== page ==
Barkai said the survey attracted more than 245 responses, and was then augmented with in-depth interviews of select participants. Responses came in from all sorts of business units, he said, including people in call centers, help desk, field service, repair, and warranty administration.
"We asked about the level of completion of implementations of IT tools for certain activities," he said, and among those found to be at the highest levels of completion were customer relationship management (CRM), workforce management, and field service management systems. Various mobile workforce efforts built around handheld devices and mobile phones also scored highly, Barkai said.
As seen in the figure below, warranty management systems deployment levels were a few notches down, with about 44% saying they had fully deployed a system or would be fully deployed within the next 24 months. However, because the survey didn't ask for operational details or vendor names, Barkai said he suspects that some of these so-called "warranty systems" are nothing more than spreadsheets cleverly manipulated to produce reports and trends.
IT Implementation & Deployment Plans
Source: Manufacturing Insights
"I think it's a matter of definition," he said of the responses. "It did not try to understand the level of maturity of these deployments." So if a home-grown Excel-based system is in use, and if it works reasonably well, some respondents could have conceivably counted it as a fully-deployed warranty management system.
Warranty as a Window Into Quality
Barkai said there are also some comforting results in regards to early warning and quality-related uses of warranty data. Early warning systems were reported to be fully installed by 34% of respondents, Barkai said, with another 8% reported to be in evaluation mode.
Those levels may not yet be at as high a level as CRM or field service management, but at least it's growing. People seem to at least be aware of the promise of warranty analytics to help them reduce costs by using failure data to fix defects before they leave the factory. But the actual funding of projects is still a tough sell.
"When we're looking at investment, I think it's still not getting enough actionable attention," Barkai said. "But I think we are seeing, from the root cause perspective, that people are trying to fix initial quality. In conjunction with that, I argue that given the intense competition, the rapid cycle time, the need to be very fast to market and to respond very quickly, there are always going to be quality spills. It's almost in the nature of the business."
Therefore, he notes, efforts to fix initial quality will always need to be balanced against the needs to cut costs and reduce production delays. "The trick is to use warranty as a window into quality, and develop very agile processes that can detect and respond very quickly," he said.
Another set of survey questions asked about priorities. More than 90% said improving customer satisfaction was a priority. About 75% said the shortening of detection-to-correction times was a high priority for their companies. Around 41% said detecting fraudulent claims was a high priority.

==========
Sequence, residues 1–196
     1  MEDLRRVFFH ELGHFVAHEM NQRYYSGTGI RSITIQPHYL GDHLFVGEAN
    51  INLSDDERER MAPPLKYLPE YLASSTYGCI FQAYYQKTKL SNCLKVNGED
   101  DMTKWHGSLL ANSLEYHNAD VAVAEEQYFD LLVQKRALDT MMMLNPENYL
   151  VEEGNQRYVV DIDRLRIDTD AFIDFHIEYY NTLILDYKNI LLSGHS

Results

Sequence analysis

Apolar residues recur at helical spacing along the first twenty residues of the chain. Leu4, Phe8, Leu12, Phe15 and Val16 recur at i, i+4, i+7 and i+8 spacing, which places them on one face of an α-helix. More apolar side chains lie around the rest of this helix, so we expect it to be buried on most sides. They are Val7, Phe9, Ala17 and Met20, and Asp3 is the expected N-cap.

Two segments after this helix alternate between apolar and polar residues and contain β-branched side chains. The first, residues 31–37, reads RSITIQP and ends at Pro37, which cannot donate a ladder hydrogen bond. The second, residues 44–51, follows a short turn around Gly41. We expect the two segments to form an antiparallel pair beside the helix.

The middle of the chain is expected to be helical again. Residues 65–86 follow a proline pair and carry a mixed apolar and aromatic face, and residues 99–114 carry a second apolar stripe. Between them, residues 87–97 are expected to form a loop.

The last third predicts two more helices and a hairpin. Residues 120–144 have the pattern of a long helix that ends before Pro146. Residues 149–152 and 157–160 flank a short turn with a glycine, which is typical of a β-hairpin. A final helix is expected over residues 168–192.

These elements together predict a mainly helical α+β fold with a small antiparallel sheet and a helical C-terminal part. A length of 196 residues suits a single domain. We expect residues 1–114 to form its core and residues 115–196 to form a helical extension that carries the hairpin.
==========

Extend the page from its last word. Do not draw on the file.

However, only 42% thought that improving supplier cost recovery was important, which Barkai said was a disappointingly low figure. Perhaps, he suggested, the reason it didn't rank higher was a recognition of how difficult it is to get a return out of these efforts.
Actual Investments Are Hard to Get
Given these responses to questions about deployments and priorities, Barkai said he then closed out the survey with some questions about the level of investment in new projects. What he found is that in general, IT budgets are shrinking, and more and more of the remaining budgets are being focused on keeping current systems up and running. This means that an ever-smaller proportion of the total IT budget is available for new projects such as those outlined above.
The proportion of IT budgets given over to ongoing maintenance and operations has grown from 42% in 2006 to more than 50% in 2008. The proportion of IT budgets available for what he called approved projects has decreased from an average of 40% two years ago to 33% now, Barkai said. But the proportion dedicated to evaluations and prototyping remains fairly steady at around 18%.
"It tells me there is always some money that people can put together to try different things -- to prototype -- but fewer of those actually become full projects," Barkai said. And that is going to impact warranty management projects, he suggests.
"I think that the level of attention is increasing," he suggests. "But I think the level of activity is not keeping up." While numerous companies are quite willing to deploy various small warranty-related pilot programs, he said, many times there's neither the will nor the budget to roll them out across the enterprise. So while it may look good on paper to have Such-and-Such A Company listed as a client, in reality they're stuck in evaluation mode.
The panel discussion that follows Barkai's presentation is expected to amplify and expand some of the trends uncovered by his survey. Larry Maye from Palm and Mike Roberts from Ford are to represent the OEM point of view, while Thomas Welsh of EDS and Olli Patrikainen of Accenture will provide the systems integrator perspective. Ed Katz of SAS Institute will represent tools vendors and solutions providers.